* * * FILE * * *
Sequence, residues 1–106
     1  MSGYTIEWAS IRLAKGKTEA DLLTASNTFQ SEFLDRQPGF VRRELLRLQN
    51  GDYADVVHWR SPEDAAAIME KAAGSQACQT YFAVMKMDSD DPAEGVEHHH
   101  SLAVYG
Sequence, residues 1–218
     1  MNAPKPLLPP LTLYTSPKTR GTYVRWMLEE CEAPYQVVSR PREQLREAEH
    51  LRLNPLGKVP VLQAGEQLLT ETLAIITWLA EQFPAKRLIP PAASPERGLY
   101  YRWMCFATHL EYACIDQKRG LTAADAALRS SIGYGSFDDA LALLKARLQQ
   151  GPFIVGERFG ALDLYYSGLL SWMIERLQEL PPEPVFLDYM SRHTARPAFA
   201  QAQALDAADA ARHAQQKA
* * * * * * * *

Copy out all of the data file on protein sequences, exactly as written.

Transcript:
Sequence, residues 1–106
     1  MSGYTIEWAS IRLAKGKTEA DLLTASNTFQ SEFLDRQPGF VRRELLRLQN
    51  GDYADVVHWR SPEDAAAIME KAAGSQACQT YFAVMKMDSD DPAEGVEHHH
   101  SLAVYG
Sequence, residues 1–218
     1  MNAPKPLLPP LTLYTSPKTR GTYVRWMLEE CEAPYQVVSR PREQLREAEH
    51  LRLNPLGKVP VLQAGEQLLT ETLAIITWLA EQFPAKRLIP PAASPERGLY
   101  YRWMCFATHL EYACIDQKRG LTAADAALRS SIGYGSFDDA LALLKARLQQ
   151  GPFIVGERFG ALDLYYSGLL SWMIERLQEL PPEPVFLDYM SRHTARPAFA
   201  QAQALDAADA ARHAQQKA